Conferences work the same way for writers as they do for dentists or undertakers. They offer professionals a chance to meet with other professionals to exchange ideas and discuss trends within the industry. Plus they give us a chance to associate with people who share the same interests and who can help us propel our career forward. Attendees and guest speakers of conferences are not only writers; often they are editors, publishers and agents, as well. These professionals speak on panels that cover a particular aspect of writing. Some conferences even offer workshops that can truly motivate a writer. Plus the pros frequently make themselves available to answer specific questions and give writers some tips of the trade. That alone is often worth the price of admission.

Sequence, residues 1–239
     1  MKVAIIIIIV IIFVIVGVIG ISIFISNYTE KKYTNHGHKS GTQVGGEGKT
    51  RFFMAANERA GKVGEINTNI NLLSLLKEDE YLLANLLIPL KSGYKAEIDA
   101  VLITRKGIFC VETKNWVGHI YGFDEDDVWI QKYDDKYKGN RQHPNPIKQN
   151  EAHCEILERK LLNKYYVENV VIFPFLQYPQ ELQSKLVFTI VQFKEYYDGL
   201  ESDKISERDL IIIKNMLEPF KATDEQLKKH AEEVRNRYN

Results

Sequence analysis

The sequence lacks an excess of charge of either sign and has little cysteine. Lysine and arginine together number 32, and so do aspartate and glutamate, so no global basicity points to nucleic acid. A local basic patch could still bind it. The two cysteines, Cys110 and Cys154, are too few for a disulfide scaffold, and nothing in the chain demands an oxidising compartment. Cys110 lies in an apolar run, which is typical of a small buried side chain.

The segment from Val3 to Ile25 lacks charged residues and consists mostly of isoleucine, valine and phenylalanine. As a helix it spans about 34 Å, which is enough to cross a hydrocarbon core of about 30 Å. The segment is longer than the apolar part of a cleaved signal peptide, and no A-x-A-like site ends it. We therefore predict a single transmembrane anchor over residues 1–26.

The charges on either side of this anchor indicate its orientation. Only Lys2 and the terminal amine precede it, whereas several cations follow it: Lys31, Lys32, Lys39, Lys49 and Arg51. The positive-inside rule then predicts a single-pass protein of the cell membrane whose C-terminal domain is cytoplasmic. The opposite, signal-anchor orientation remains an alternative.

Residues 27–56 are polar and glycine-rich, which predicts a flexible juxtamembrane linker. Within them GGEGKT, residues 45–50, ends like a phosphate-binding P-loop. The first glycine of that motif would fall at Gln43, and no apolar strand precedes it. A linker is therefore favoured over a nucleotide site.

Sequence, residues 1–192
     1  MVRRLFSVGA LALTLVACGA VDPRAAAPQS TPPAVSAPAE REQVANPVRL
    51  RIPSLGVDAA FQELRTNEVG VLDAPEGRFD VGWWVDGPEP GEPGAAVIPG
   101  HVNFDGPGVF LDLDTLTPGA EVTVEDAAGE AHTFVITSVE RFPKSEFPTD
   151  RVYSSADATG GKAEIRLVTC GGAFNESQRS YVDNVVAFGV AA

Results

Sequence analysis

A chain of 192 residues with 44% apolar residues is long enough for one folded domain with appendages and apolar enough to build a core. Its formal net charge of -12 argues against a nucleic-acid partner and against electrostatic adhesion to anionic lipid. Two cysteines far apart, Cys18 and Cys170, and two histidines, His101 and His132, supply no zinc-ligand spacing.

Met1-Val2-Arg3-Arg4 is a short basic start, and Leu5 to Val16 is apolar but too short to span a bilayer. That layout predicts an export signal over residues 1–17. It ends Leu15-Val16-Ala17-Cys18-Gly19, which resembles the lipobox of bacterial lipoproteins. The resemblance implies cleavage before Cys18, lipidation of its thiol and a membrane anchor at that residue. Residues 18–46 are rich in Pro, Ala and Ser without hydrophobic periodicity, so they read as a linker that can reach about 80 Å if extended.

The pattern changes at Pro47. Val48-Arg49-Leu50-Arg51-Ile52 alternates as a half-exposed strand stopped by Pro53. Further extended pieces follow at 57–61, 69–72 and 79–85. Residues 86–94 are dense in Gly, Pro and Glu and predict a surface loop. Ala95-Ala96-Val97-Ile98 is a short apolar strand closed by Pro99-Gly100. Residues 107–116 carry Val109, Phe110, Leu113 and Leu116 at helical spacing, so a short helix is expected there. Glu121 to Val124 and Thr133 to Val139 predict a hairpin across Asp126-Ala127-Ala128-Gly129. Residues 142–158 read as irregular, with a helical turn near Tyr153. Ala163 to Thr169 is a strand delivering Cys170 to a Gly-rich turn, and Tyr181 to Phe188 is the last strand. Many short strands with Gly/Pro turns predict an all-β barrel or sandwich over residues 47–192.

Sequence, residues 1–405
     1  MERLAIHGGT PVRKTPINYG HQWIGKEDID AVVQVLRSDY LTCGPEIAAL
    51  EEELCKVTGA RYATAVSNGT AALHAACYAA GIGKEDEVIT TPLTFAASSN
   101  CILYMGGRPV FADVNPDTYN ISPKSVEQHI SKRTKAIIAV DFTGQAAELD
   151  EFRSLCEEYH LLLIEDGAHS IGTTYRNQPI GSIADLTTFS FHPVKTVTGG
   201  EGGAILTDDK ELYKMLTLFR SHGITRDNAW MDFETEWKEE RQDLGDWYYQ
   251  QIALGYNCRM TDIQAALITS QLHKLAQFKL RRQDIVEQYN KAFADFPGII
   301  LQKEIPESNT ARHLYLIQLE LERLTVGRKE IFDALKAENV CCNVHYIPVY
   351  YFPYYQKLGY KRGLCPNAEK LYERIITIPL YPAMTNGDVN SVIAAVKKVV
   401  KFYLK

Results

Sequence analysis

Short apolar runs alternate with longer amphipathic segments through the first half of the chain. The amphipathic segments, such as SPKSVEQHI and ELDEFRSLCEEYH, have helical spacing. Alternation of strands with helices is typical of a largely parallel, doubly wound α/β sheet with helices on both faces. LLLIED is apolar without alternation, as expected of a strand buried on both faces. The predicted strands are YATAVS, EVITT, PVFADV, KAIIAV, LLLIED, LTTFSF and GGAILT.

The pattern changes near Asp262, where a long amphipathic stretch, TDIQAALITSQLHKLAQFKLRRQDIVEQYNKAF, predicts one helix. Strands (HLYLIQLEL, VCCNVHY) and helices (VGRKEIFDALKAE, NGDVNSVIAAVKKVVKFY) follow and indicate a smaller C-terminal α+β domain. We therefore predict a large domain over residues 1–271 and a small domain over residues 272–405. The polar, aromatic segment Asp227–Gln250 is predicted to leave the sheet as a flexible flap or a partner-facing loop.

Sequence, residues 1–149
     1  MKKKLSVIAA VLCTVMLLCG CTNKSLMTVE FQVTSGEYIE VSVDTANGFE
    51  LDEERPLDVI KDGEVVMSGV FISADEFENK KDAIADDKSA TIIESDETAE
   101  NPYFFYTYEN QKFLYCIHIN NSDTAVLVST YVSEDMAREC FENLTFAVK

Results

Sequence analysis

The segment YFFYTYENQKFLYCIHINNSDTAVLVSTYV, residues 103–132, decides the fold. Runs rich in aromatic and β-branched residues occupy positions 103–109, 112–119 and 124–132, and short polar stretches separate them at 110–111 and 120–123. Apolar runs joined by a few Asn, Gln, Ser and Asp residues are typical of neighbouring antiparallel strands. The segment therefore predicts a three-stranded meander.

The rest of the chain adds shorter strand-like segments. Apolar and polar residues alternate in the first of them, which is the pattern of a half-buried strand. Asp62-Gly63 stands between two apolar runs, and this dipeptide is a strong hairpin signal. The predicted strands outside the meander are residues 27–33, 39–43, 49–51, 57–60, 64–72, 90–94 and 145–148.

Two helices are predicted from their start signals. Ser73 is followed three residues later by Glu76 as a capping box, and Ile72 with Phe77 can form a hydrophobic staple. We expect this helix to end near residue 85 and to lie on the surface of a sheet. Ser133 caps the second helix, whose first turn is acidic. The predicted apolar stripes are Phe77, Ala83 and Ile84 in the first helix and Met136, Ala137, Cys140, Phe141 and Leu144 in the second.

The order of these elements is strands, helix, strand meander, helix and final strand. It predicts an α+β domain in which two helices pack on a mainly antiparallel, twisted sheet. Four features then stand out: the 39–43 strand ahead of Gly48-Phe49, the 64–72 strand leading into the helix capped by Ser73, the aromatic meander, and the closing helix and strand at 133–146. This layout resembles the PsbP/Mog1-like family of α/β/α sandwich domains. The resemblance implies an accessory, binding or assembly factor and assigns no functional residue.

And speaking of the cost of admission, there are writers’ conferences to suit almost any budget. Where some conferences can run in the thousands, once you include airfare and travel, there are often local conferences that are significantly less pricey and just as high in quality.

So if cost is an issue, why not attend the least expensive conference you can find to get you started? The first conference I attended was not really a good fit for me, but it was inexpensive and close to home. And yet, I can honestly say that it was worth it, because I made several professional contacts and came out with countless article ideas.

As far as time goes, be aware that conferences can last anywhere from several hours to a week or two. Find one that fits your time schedule.